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How LA neighborhoods got their names, and what happens if they change

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Is an L.A. neighborhood still the same if you change its name?

In a report on ballot measure JJJ, Koreatown resident Alexandra Suh worried about how gentrification was changing her neighborhood.

"I think some real estate people refer to this as 'Wilshire Center,'" she told KPCC. "They don't want to call it Koreatown."

(For what it's worth, Wilshire Center is an official designation for the wide area that also encompasses Koreatown)

Angelenos of a certain age will also remember when South L.A. was known as South Central until the city changed it in 2003 to get away from the stigma of the old name.

Take Two looks at the history of how L.A. neighborhoods were named (and who chose them), and what happens when residents want to call it something different, with LA Magazine's Chris Nichols.

How did parts of L.A. get their names?

When you go back to thinking of [L.A.'s beginning] as agricultural land, rolling hills and open spaces, whoever bought that parcel decided whatever they wanted to name it.

For example in Beverly Hills, the original buyer had property in Beverly, Massachusetts, so they called it "Beverly."

It was all completely arbitrary and ridiculous. People would come up with these names based on their families or their hobbies.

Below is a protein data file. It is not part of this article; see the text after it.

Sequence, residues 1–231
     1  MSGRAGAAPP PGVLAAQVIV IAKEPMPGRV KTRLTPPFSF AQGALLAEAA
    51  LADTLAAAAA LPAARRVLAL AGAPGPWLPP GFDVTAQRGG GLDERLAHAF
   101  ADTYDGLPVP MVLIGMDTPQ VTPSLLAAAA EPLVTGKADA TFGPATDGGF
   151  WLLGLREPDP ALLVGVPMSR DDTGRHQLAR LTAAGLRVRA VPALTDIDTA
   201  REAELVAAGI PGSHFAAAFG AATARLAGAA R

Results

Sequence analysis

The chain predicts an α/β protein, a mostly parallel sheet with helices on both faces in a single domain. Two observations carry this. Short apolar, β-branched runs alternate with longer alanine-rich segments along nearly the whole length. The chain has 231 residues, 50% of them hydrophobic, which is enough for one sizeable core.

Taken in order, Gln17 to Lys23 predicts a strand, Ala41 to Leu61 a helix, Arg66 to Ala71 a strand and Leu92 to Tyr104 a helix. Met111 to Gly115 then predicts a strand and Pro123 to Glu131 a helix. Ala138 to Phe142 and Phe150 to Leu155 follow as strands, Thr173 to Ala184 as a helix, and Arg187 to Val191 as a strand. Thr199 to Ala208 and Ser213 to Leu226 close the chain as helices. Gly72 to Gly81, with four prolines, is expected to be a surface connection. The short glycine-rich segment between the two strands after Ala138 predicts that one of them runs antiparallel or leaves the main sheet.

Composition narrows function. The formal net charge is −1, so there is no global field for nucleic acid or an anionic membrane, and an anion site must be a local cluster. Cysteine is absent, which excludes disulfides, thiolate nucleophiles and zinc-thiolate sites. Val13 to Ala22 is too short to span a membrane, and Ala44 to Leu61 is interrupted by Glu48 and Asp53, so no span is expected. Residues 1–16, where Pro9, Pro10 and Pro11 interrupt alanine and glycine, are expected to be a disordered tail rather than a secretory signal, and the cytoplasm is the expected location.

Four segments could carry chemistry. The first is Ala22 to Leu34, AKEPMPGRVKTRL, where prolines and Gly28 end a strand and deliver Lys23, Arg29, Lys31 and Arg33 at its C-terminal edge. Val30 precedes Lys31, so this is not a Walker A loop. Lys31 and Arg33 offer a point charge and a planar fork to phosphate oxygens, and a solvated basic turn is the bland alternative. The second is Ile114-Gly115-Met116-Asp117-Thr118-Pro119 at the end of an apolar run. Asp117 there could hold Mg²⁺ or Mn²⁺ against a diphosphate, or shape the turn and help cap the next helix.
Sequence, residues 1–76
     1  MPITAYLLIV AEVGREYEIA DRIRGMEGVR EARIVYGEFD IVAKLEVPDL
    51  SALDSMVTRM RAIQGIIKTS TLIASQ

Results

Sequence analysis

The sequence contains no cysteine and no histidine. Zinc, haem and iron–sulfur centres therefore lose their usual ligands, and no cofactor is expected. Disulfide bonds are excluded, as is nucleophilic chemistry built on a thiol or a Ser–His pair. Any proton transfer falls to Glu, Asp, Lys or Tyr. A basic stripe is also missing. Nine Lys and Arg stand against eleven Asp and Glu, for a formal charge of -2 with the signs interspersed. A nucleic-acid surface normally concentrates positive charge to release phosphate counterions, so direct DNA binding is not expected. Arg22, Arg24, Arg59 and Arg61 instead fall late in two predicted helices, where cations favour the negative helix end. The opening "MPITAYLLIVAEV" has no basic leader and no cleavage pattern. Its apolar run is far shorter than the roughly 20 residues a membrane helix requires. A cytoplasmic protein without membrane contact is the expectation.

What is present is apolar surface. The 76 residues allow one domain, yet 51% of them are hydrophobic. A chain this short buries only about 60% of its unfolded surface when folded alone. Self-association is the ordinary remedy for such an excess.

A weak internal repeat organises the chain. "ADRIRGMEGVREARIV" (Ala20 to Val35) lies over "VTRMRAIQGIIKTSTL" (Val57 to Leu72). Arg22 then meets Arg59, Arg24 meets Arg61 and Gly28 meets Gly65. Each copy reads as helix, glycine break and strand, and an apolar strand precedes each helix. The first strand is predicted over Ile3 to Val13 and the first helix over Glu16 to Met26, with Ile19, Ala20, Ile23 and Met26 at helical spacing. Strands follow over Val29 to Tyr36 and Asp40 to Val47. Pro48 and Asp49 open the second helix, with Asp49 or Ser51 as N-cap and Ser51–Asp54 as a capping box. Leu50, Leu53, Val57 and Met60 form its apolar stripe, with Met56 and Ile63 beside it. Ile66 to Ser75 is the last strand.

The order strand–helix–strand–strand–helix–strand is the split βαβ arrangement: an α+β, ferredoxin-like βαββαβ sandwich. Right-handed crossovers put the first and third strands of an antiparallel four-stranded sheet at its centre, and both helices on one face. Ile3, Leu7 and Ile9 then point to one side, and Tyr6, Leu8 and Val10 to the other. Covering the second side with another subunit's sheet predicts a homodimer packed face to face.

Are these official names, too?

They are, and they're designated. But each one has a long and complicated paper trail at the city archives, and they're not really put together.

When you want to dig deep into it, you have to call back the original city document that made that neighborhood official.

Also, the ones that are officially designated have a strong written border, but there are some that just come back casually through realtors and neighborhood people.

Why does it make a difference?

People have such ownership of their neighborhood.

Then there are these honorific titles like Koreatown, for example, where you go to your council person and you say, "I think we should name our neighborhood 'this.'"

In Koreatown, for example, there was a conflict with Little Bangladesh. Little Bangladesh wanted to slice part of Koreatown and call it that, and so they had kind of a "walk off" with the Councilman Tom LaBonge.

He told me the story of walking through and pointing out, "There's a Bangladesh business, and there's a Korean business."

So four blocks got named Little Bangladesh and 40 blocks named Koreatown.

History and culture matters, but what about real estate prices?

A lot of it is driven by real estate.

There are neighborhoods that might go back to a historic name that they think is charming and cute and will separate them from the larger neighborhood. 

Wilshire Highlands is one that came from an old real estate brochure that came back.

But whenever you can make up a story about a place, it's easier to sell – it's got a name, it's got an identity, it's got character, it's got this great background and people love it, so therefore it's worth X percent more.

"It's not 'down near USC.' It's 'University Park.'"

This interview has been edited for length and clarity.